So you want to be an investor - welcome to the club! Investing is not something that is saved for the ultra-rich, those born with an inherent ability to save money, or a fancy education in finance or business. It’s a skill that can be learned, practiced, and mastered by anyone who chooses to be diligent in its course! Here’s how you can get started today on a lifelong journey towards wealth through investing.
Step One: Invest in knowledge.
Just like learning a new language or playing an instrument, you'll need to study and practice in order to master the skill of investing. Start by reading a few books about money management from some people who know a thing or two about investments. There are millions of books available on the topic of investing, but “Rich Dad, Poor Dad” by Robert Kiyosaki, “Think and Grow Rich” by Napolean Hill, and “Total Money Makeover” by Dave Ramsey are all great places to start. These finance books will give you insight into the money habits you should be practicing and motivate you to stick with money-saving goals so you can work towards eliminating debt and saving to invest. Trust us, once you read these books you will want to keep learning more and more!
Step Two: Decide what type of assets you want to own.
Once you're on the right path with your money management, it’s time to start thinking about what assets you want to invest in. Assets are anything you purchase that puts money back in your pocket - real estate, business equities, stocks, bonds, notes, and intellectual property (such as copyrights, patents, trademarks, and royalties) are all forms of assets. Each type of asset has its own pros and cons, unique quirks, legal traditions, tax rules, and other relevant details. You might find yourself drawn to one, the other, or some combination of investments based on your existing resources, knowledge, personality, or the opportunities available in one asset class at any given time compared to another. Deciding which avenue is the right one for you might take a bit more research, but once you’ve decided how you want to invest you can clear the way for making proactive goals.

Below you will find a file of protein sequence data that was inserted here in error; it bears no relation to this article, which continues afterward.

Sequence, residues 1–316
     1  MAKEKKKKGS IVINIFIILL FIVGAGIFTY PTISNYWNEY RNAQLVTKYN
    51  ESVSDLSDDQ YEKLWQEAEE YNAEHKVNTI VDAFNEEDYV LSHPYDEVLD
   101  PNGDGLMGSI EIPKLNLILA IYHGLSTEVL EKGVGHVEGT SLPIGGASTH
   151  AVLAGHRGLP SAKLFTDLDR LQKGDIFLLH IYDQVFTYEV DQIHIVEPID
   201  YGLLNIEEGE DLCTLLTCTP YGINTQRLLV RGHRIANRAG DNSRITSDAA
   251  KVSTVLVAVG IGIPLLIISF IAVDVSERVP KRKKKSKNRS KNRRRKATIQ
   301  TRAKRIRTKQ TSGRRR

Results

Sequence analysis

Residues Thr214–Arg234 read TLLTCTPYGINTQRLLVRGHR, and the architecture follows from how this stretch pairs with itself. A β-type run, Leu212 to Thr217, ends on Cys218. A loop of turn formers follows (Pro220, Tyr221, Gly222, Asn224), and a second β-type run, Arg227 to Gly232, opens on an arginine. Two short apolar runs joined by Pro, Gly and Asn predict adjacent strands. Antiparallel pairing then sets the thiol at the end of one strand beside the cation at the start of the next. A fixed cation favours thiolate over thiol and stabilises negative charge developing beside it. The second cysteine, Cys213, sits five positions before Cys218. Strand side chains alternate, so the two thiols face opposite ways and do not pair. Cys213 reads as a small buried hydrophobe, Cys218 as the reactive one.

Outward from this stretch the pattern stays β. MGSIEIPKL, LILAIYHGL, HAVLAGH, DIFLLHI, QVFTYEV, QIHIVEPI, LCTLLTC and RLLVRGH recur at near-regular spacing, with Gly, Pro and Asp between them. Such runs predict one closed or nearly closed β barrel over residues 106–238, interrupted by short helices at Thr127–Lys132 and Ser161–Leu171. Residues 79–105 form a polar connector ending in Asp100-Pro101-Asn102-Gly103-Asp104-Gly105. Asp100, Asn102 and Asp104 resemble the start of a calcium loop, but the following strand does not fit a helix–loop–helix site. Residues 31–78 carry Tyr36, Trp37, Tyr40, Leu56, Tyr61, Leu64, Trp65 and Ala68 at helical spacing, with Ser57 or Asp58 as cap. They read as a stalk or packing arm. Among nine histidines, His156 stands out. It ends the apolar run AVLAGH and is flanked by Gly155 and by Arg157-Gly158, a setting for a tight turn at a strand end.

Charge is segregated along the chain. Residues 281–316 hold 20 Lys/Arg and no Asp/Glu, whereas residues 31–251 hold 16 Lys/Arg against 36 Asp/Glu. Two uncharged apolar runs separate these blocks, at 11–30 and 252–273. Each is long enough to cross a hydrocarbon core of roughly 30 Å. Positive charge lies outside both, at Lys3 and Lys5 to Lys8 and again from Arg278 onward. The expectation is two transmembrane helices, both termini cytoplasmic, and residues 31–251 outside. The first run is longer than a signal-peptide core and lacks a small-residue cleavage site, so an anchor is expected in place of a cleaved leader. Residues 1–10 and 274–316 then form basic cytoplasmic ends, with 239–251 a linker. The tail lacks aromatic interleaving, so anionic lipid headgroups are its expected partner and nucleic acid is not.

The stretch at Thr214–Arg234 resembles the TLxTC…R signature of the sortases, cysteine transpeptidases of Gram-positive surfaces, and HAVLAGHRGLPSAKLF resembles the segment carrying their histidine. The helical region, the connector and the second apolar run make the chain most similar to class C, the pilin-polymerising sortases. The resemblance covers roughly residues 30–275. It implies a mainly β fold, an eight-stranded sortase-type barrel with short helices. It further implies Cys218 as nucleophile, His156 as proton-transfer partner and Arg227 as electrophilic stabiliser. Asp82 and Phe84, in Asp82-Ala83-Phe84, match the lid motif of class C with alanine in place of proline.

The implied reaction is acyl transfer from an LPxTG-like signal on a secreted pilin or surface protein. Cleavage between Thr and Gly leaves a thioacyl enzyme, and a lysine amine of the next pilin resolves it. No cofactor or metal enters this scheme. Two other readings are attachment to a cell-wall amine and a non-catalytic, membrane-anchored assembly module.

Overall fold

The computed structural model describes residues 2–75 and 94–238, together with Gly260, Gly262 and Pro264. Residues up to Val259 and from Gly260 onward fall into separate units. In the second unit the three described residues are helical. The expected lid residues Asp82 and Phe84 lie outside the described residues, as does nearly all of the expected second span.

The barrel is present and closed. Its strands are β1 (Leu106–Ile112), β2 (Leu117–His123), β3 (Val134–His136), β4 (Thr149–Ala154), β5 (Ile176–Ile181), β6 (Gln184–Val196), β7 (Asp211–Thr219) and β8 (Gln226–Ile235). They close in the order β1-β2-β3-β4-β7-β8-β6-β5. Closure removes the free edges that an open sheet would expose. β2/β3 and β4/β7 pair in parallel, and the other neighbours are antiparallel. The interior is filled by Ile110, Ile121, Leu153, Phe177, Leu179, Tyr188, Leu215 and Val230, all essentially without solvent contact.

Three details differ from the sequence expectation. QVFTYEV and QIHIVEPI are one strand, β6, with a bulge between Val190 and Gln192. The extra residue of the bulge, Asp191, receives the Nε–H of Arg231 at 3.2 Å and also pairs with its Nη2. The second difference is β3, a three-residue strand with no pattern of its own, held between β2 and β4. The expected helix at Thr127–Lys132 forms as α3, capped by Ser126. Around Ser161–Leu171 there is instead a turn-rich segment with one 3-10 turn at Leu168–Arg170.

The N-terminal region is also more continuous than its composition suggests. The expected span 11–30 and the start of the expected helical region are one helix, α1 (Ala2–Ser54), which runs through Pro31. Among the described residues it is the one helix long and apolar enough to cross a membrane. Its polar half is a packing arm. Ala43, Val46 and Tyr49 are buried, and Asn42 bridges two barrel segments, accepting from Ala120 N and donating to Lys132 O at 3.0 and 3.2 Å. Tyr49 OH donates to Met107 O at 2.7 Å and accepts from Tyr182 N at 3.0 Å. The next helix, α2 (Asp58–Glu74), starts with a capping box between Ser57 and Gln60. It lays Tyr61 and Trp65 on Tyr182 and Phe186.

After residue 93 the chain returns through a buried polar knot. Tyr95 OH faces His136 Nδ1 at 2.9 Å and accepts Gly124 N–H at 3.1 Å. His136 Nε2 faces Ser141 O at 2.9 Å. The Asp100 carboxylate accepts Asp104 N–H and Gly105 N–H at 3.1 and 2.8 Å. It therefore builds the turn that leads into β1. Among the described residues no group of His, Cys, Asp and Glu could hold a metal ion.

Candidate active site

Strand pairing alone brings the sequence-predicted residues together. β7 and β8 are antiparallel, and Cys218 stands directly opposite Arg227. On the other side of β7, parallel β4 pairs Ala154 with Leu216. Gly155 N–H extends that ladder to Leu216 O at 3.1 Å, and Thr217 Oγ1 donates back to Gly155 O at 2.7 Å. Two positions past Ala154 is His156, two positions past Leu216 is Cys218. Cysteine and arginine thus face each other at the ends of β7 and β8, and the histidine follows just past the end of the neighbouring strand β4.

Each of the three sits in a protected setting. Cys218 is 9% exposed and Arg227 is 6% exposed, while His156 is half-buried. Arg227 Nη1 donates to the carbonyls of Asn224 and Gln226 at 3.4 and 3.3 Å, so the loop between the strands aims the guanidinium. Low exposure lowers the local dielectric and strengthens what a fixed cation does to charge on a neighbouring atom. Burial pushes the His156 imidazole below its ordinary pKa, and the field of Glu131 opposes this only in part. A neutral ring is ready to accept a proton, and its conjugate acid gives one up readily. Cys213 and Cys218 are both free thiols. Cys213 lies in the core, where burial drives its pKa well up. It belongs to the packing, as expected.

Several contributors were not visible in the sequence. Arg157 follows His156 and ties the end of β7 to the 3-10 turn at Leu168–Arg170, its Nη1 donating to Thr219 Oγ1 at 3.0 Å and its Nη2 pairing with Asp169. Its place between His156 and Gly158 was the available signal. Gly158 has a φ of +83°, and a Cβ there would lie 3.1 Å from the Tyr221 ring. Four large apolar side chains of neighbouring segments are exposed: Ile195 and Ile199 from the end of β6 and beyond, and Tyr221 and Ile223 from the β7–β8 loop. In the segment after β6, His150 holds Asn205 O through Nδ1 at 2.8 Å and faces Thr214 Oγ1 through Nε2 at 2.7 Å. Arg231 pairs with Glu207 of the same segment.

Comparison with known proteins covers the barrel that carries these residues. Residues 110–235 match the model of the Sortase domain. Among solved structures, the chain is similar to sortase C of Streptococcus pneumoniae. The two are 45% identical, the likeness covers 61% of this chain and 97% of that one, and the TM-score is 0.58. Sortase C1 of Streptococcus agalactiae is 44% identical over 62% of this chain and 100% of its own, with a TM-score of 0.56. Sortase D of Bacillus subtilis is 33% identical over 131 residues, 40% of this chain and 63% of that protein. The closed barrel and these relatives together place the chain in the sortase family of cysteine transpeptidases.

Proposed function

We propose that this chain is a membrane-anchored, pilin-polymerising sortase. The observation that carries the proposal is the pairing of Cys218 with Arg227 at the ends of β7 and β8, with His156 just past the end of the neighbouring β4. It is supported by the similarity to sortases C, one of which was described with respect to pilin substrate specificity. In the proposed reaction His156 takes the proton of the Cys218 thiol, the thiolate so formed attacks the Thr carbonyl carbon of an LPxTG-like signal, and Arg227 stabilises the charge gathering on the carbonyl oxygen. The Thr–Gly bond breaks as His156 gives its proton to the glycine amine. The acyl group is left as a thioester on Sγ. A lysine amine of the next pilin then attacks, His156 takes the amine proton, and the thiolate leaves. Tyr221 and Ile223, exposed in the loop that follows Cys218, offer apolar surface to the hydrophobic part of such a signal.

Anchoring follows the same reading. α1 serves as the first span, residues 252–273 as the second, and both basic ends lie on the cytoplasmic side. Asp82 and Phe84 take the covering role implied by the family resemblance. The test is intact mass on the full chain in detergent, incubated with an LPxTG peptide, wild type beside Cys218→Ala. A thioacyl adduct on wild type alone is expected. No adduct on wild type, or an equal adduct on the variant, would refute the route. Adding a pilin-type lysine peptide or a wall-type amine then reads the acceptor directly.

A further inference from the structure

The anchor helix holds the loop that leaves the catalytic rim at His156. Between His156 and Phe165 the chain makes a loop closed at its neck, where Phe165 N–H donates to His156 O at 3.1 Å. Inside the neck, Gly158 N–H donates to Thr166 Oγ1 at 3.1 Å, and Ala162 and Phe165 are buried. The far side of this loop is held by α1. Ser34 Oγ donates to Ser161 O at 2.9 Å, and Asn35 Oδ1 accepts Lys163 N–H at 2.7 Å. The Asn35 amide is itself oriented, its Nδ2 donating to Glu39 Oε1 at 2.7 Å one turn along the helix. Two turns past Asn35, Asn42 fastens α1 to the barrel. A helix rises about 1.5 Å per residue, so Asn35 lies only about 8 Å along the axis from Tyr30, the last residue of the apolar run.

Step Three: Save money and eliminate debt.
You don’t have to wipe out all your debt in order to invest, nor do you have to save a ton of money just to get started. But it’s important to have a good grip on your finances and free up some cash flow that you can use to invest. The amount of money it will take to start acquiring assets differs depending on which avenue you decide to go down, but a general rule is that you should have a two or three thousand stashed away in emergency savings and have a plan for paying off your debt (and not acquiring more!) before you start investing money in assets.
Step Four: Set your goals and get going!
Once you feel confident that you’ve got a grasp on your finances and feel knowledgeable about which assets you’d like to pursue, it’s time to set your goals and be proactive about reaching them. Grab a sheet of paper and start planning your short-term and long-term investment goals. If you want to get into real estate, a short-term goal may be to purchase a duplex within two years or a commercial space within five years. If trading stocks and bonds is what you’re after, set a goal to find a broker and save the minimum deposit for your brokerage account by the end of three months and start a portfolio by the end of the year. Talking with your broker, a financial advisor or a trusted mentor can also help you set realistic investment goals for yourself and stay motivated to reach them.
This is a very basic outline of the steps needed to get started on investing, there are many many tools at your disposal! As soon as you start investing your time in learning how to make investing a reality and taking proactive steps towards your goals, the money will soon follow.
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